Mining of Massive Datasets by Anand Rajaraman and Jeffrey David Ullman
Summary of Chapter 1
- Data Mining: The term refers to the process of extracting useful models of data. Sometimes, a model can be a summary of the data, or it can be the set of most extreme features of the data.
- Bonferroni’s Principle: If we are willing to view as an interesting feature of data something of which many can be expected to exist in random data, then we cannot rely on such features being significant. This observation limits our ability to mine data for features that are not sufficiently rare in practice.
- TF.IDF: The measure called TF.IDF lets us identify words in a collection of documents that are useful for determining the topic of each document. A word has high TF.IDF score in a document if it appears in relatively few documents, but appears in this one, and when it appears in a document it tends to appear many times.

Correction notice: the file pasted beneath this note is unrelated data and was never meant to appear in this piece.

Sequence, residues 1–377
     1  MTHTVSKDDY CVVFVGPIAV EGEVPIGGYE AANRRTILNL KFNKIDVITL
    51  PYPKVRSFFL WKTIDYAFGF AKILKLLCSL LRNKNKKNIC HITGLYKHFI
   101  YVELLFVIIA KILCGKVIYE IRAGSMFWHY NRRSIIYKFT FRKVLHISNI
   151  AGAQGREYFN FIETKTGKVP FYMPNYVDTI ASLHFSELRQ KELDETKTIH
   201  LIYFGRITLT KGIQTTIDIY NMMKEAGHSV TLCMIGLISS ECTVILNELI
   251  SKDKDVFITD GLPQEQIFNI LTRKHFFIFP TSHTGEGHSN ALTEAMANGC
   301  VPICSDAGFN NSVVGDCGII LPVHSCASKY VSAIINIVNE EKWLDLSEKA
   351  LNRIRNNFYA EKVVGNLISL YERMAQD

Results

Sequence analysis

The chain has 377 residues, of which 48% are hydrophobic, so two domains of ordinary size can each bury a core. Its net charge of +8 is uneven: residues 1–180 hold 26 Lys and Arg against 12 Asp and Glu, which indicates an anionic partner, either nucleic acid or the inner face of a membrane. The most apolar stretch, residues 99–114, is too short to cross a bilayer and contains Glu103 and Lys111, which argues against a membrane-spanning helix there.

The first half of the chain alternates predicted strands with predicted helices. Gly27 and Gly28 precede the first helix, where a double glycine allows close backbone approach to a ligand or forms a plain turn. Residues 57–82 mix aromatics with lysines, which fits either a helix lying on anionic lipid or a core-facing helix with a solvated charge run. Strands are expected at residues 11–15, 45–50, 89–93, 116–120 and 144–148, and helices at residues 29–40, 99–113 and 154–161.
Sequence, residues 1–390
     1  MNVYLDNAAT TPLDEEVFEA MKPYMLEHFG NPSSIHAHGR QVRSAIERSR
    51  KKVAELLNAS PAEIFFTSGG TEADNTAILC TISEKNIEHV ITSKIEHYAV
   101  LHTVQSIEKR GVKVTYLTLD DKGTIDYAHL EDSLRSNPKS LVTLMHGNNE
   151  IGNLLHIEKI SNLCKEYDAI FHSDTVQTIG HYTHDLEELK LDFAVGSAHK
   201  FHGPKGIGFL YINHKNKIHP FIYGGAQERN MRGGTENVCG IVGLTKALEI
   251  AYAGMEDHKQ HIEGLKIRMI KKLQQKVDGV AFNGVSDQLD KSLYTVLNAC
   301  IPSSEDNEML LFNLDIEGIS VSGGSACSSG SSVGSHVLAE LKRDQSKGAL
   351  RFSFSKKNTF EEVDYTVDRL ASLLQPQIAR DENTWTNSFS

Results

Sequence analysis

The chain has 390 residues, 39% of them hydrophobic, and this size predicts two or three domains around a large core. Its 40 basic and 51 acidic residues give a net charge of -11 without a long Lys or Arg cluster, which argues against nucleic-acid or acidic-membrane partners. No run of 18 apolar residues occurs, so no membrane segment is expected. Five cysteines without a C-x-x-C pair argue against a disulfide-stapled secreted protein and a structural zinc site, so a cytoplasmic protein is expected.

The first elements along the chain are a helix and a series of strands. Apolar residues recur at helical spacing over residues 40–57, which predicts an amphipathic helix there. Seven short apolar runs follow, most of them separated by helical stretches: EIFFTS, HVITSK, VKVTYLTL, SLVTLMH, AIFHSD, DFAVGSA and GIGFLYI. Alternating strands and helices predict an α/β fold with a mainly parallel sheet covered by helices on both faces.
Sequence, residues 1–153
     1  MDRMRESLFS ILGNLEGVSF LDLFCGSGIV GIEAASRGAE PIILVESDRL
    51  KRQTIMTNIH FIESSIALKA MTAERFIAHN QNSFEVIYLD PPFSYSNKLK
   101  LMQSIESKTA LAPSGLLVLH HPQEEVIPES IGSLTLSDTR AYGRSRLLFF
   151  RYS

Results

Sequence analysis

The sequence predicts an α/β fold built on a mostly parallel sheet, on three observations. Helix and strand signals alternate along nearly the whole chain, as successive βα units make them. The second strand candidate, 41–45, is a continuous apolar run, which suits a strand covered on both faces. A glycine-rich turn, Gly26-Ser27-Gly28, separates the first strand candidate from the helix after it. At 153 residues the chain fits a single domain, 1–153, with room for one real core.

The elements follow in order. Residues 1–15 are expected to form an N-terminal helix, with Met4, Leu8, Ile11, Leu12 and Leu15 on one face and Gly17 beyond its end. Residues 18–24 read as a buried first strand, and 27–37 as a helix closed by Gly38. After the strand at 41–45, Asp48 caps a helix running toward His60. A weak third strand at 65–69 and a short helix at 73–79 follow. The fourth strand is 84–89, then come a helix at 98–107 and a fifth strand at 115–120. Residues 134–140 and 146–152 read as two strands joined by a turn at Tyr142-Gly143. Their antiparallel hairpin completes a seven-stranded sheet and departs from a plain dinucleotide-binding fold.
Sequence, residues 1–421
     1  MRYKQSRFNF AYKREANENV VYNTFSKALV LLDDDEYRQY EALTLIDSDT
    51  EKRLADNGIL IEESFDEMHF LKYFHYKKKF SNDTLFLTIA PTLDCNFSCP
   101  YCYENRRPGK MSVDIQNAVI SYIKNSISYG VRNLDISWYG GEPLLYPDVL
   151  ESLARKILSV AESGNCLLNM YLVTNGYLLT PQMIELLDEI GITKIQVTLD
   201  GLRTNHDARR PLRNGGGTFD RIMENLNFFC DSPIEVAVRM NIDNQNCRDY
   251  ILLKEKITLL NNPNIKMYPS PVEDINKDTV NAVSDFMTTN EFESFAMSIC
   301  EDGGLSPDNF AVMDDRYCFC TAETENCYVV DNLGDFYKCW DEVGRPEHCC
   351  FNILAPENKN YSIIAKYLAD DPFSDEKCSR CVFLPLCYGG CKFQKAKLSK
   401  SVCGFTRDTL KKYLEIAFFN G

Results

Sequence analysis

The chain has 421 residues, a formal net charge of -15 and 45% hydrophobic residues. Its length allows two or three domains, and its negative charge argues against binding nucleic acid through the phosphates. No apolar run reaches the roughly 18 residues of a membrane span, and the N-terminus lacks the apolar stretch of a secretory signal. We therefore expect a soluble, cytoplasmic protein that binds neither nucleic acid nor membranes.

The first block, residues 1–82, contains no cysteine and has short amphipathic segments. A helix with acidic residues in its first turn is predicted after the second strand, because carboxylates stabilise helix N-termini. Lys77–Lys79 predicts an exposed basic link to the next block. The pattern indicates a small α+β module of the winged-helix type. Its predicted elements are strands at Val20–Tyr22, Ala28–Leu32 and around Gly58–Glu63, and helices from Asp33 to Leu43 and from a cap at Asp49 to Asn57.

- Hash Functions: A hash function maps hash-keys of some data type to integer bucket numbers. A good hash function distributes the possible hash-key values approximately evenly among buckets. Any data type can be the domain of a hash function.
- Indexes: An index is a data structure that allows us to store and retrieve data records efficiently, given the value in one or more of the fields of the record. Hashing is one way to build an index.
- Storage on Disk: When data must be stored on disk (secondary memory), it takes very much more time to access a desired data item than if the same data were stored in main memory. When data is large, it is important that algorithms strive to keep needed data in main memory.
- Power Laws: Many phenomena obey a law that can be expressed as y=cxa for some power a, often around -2. Such phenomena include the sales of the xth most popular book, or the number of in-links to the xth most popular page.